Thursday, September 27, 2007

What is your opinion?

A high school student in Leakey, Texas, was ordered by his school district to cut his hair, but said religious values ban him from cutting it.
Full story at:

Saturday, September 22, 2007

Court papers filed on behalf of God

This is an update on the previous post Nebraska Senator Sues God. It seems that God has decided to fight back (or his sheep anyway).

Two court filings in response to a lawsuit brought by Nebraska State Senator Ernie Chambers were filed on behalf of God, according to John Friend, clerk of the Douglas County District Court in Omaha, Nebraska.

"This one miraculously appeared on the counter. It just all of a sudden was here -- poof!" said Mr. Friend. In one filing, St. Michael the Archangel is listed as a witness.

The response argues that the defendant is not subject to the jurisdiction and laws of the court. According to the response read by Friend, God said, "I created man and woman with free will and next to the promise of immortal life, free will is my greatest gift to you."

Reports say that the papers were filed by "King Cobra", a lawmaker in Nebraska.

Chambers had sued God for "widespread death, destruction and terrorization of millions upon millions of the Earth's inhabitants." Chambers, an agnostic, argues that his lawsuit is "frivolous" and "anybody can sue anybody."

I find the comment of Mr. Friend most interesting. I wonder what he means by "...all of a sudden...", does that mean he was staring at an empty desk one second, and the next instant it was there, or does it mean that it suddenly appeared while he was gone taking an extended break in the toilet?

Hit the comments and let us know what you think of this rather issue (for want of a better word).

Tuesday, September 18, 2007

Nebraska Senator sues God

It's about time! It's not for the reasons that I would really prefer, but it will be interesting to see where this goes. I love the last sentence of the article, take a read. Hit the comments and let us know what you think.

Nebraska state Senator Ernie Chambers, who represents legislative District 11 in North Omaha, has filed an unusual lawsuit on Friday. According to court documents obtained by Wikinews, Chambers has decided to sue God, looking for a judge to issue a "permanent injunction" against the highest power.

Chambers says in his suit that god has spread fear across the globe causing "widespread death, destruction and terrorization of millions upon millions of the Earth's inhabitants. [God also caused] fearsome floods, horrendous hurricanes, earthquakes, plagues, famine, genocidal wars, birth defects, terrifying tornadoes and the like" and he wants the courts to order God "to cease certain harmful activities and the making of terroristic threats."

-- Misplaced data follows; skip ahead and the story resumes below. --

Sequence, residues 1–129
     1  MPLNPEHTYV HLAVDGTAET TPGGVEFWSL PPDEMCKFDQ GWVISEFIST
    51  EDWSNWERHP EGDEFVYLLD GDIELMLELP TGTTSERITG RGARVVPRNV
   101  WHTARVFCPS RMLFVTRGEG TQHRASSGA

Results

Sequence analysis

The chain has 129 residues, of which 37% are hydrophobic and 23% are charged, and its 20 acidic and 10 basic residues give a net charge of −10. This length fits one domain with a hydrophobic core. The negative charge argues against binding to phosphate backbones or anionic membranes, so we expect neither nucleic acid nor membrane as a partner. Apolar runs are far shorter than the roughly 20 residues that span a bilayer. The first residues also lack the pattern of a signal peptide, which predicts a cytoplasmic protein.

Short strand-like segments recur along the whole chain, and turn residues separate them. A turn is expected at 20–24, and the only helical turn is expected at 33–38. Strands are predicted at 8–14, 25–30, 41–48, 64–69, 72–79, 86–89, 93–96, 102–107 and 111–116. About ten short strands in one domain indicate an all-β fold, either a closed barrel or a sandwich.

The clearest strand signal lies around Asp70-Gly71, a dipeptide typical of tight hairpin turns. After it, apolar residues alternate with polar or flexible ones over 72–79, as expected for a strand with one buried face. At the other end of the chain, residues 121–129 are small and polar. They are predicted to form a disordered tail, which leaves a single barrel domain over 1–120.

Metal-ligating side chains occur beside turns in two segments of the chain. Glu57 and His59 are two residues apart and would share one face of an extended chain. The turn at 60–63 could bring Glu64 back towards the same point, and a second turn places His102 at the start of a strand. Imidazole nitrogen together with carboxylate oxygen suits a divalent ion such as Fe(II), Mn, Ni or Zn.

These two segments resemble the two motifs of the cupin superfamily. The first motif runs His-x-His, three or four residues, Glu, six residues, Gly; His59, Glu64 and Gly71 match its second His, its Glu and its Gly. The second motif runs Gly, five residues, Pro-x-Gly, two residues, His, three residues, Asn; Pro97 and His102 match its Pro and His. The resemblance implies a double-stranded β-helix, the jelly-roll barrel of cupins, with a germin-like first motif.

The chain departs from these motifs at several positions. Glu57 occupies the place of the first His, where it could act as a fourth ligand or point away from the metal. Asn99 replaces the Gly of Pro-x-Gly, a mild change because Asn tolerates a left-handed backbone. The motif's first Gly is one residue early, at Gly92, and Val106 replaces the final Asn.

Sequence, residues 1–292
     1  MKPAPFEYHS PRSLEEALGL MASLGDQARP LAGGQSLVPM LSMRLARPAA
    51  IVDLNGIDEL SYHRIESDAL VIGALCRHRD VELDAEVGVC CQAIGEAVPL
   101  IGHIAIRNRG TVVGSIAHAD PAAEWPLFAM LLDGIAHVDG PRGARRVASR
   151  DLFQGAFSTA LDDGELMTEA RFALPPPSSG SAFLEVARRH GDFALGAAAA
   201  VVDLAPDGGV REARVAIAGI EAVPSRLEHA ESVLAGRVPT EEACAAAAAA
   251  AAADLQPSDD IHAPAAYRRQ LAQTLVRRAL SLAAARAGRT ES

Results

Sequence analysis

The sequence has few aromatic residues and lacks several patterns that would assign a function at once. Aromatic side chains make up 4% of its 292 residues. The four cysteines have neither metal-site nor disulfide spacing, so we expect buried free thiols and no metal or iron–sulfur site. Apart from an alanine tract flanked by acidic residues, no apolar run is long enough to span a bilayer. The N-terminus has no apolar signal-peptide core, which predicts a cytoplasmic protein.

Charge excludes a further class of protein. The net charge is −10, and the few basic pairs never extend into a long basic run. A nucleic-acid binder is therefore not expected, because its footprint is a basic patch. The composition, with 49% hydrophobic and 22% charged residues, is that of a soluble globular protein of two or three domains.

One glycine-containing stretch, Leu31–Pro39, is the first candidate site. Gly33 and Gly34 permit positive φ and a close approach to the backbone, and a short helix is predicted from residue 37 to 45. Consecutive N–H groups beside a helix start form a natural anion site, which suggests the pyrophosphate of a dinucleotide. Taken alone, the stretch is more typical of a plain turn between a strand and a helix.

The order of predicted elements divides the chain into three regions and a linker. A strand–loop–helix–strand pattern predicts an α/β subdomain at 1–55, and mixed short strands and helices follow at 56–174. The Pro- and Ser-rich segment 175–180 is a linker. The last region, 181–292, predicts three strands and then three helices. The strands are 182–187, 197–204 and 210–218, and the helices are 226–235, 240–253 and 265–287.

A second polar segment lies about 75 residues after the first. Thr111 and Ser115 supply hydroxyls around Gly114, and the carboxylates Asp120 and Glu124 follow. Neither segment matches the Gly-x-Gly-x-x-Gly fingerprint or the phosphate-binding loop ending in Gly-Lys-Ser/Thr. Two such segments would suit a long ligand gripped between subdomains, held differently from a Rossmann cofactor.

Thursday, September 13, 2007

Prisons Purging Books on Faith From Libraries

Some interesting things happening in prisons.

Published: September 10, 2007

Behind the walls of federal prisons nationwide, chaplains have been quietly carrying out a systematic purge of religious books and materials that were once available to prisoners in chapel libraries.

The chaplains were directed by the Bureau of Prisons to clear the shelves of any books, tapes, CDs and videos that are not on a list of approved resources. In some prisons, the chaplains have recently dismantled libraries that had thousands of texts collected over decades, bought by the prisons, or donated by churches and religious groups.

Some inmates are outraged. Two of them, a Christian and an Orthodox Jew, in a federal prison camp in upstate New York, filed a class-action lawsuit last month claiming the bureau’s actions violate their rights to the free exercise of religion as guaranteed by the First Amendment and the Religious Freedom Restoration Act.

Traci Billingsley, a spokeswoman for the Bureau of Prisons, said the agency was acting in response to a 2004 report by the Office of the Inspector General in the Justice Department. The report recommended steps that prisons should take, in light of the Sept. 11 attacks, to avoid becoming recruiting grounds for militant Islamic and other religious groups. The bureau, an agency of the Justice Department, defended its effort, which it calls the Standardized Chapel Library Project, as a way of barring access to materials that could, in its words, “discriminate, disparage, advocate violence or radicalize.”


This seems to be a rather slippery slope to be taking. First it is taking books from prisoners, on the slim chance they will help prisons become a recruiting ground for terrorist group; how long till books are banned from the general public for the same reasons. Then, if you really want to take it to extremes, a purging of all religions that don't fit a specific criteria.